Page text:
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Step 4: Place fixed stitch back onto left-hand needle.

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Tip: Use the pointy end of the Knitting Repair Hook to lift a rung over the loop, so it’s in the ready position to create the purl bump effect!

Use this tool for your next, stitch snafu — I promise it’ll save time, and make you feel super fancy for knowing a quick-fix method for your favorite craft: knitting!

xx,
Vickie
@vickiehowell
#TakumiTuesday

Hair Pin Lace Tool Review and Giveaway with the Underground Crafter

Hairpin Lace, the Crochet Speciality of the Month for May, 2015 on Underground CrafterWelcome to my themed blog series, Crochet Specialty of the Month! Each month in 2015, I’ll feature a specialized crochet technique, stitch pattern, or project type through several posts.

As part of this month’s focus on hairpin lace, I’m sharing a review of my favorite hairpin lace loom along with a giveaway sponsored by Clover USA!

Read on for your chance to win one of two Clover Hair Pin Lace Tools!

Clover Hair Pin Lace Tool in the package. Image (c) Clover.

I reached out to the nice folks at Clover because I really love their Hair Pin Lace Tool (also known as a hairpin lace loom).

The tool comes with 3 pins, though I’ve only ever used 2. I love the sturdy construction of the clips, and the clip holes, which allow you to anchor the tail of your yarn.

The top clip is very stable and keeps your loops on the tool when you're doing hairpin lace on the go. The whole.

Although the tool is a bit pricier than other looms (it retails at $17), it is definitely worth the price.

The top and bottom clips are sturdy and can help keep your loops from sliding off when you put down your project.

The clip hole is a great anchor for the yarn tail so that when you start your hairpin lace project, you don’t have to worry about it moving around as much.

Another great feature is the eyelet at the bottom of the pins. You can thread another color of yarn through that eyelet, and when you are crocheting a long hairpin lace strip, the other color of yarn can serve as a stitch holder. This will help to prevent your strips from twisting when it’s off the loom.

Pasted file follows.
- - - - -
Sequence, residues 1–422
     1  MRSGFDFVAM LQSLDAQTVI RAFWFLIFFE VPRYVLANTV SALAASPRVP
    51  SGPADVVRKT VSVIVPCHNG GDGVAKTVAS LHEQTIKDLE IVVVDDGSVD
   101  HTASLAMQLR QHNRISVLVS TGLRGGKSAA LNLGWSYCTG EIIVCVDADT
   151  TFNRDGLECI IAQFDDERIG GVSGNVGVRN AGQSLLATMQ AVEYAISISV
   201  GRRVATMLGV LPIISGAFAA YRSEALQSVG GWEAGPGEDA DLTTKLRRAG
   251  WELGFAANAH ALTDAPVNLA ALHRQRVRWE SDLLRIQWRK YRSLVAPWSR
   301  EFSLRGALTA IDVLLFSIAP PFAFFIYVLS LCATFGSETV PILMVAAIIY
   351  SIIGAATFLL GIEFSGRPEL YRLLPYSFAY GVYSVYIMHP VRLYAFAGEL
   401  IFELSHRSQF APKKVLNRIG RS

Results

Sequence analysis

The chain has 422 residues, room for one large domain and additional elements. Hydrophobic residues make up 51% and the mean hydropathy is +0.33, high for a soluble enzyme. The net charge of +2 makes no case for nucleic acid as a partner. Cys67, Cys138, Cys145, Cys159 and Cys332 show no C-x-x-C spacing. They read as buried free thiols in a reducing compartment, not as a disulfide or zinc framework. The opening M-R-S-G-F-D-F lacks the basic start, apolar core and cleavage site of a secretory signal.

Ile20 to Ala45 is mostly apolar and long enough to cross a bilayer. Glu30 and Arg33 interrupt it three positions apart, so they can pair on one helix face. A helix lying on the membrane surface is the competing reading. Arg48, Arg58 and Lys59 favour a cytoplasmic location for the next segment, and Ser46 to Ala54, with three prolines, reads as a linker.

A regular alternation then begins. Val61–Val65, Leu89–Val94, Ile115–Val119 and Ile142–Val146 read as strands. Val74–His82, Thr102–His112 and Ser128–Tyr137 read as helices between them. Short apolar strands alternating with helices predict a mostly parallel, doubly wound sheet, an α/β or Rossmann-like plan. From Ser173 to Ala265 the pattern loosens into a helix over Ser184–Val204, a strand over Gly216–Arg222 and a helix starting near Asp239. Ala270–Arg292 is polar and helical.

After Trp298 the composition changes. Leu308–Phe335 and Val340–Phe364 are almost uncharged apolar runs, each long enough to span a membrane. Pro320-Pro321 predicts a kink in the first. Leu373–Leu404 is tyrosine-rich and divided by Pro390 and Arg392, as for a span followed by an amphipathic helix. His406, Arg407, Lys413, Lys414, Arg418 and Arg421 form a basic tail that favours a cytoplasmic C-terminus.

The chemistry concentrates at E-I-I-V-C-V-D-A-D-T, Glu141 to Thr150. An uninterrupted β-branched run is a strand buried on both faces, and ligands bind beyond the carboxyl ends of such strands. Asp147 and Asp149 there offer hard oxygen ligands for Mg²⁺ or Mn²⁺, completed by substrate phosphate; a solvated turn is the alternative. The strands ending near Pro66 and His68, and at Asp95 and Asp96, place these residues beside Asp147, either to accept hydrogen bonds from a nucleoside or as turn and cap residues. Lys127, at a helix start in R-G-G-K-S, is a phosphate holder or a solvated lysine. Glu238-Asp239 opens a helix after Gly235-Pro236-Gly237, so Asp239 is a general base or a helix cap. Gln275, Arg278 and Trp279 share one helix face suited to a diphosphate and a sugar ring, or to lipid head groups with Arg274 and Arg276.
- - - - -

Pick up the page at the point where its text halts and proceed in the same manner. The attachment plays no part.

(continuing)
There is also a small guide included in the package, which provides basic illustrated instructions for using the loom to create hairpin lace with 2 or 3 pins, as well as how to combine strips. The guide is available in English, French, Spanish, and German.

If you’re new to hairpin lace, why not pick up a Clover Hair Pin Lace Tool (Art No. 3104) and check out my roundup of free tutorials here? It’s actually pretty fun once you get started, and you can create some stunning projects!

Don’t forget to enter the giveaway for your chance to win one of two Clover Hair Pin Lace Tools (Art No. 3104) , courtesy of Clover USA. This giveaway is open to U.S. and Canadian residents only. Enter by 11:59 p.m. Eastern on Tuesday, May 26, 2015!

Use the Rafflecopter entry on the Underground Crafters blog:

Enter Giveaway Here!

Tool School with Steve Butler, Jumbo Amour Crochet Hooks

Jumbo Amour

What is it? -There was a time when almost all of the gals and some of us guys grew up learning how to crochet from our moms or grandmothers.  It was a necessary skill that seemed to play out as life became more fast-paced.  All of a sudden it was more economical to  purchase finished goods than to buy materials and devote the time required to complete a project. Times have changed and creativity is making a comeback. Crochet now goes to places where grandma never imagined.  And what takes us there?  Technology takes us there.  New materials and an unending selection of resources.  Manufactures now produce yarns in every shade of the rainbow and in unlimited styles and textures.  Add to that the creative influence of internet resources and the possibilities are boundless.   Bulky yarns are in.  So is combining yarns.  But heavier yarns require larger crochet hooks.  To accommodate these new techniques Clover has developed a line of new Jumbo Amour Crochet Hooks.  Afghans, scarves, hats are all fast, easy and creatively you.
 What does it do? – Jumbo Amour Crochet Hooks are not just the XL of crochet hooks.  Clover has gone the extra mile in research and development to ensure that the Jumbo Amour Crochet Hooks will contribute to your crochet creativity well into the future.

  • The handles are soft and ergonomically designed to provide hours of comfortable, stress free manipulation.  The hooks are also very light so your stitches are smooth and fast.
  • The plastic hooks are seam free so your delicate yarns will never snag.  Your fine materials will slide smoothly and easily over the surface.
  • The neck between the handle and the taper to the hook is extended to allow you to pick up multiple loops, all with consistent diameter.  Your project lies flat and you get the shape you intended.  The hook design works for you, not against you.
  • Jumbo Amour Crochet Hooks are available in 5 sizes to meet your every need – 6.5 mm, 7 mm, 8 mm, 9 mm, 10 mm, 12 mm, and 15 mm.

Watch Tool School here!!!

Need inspiration? Visit our website under “Project Sheets” to get free projects!!!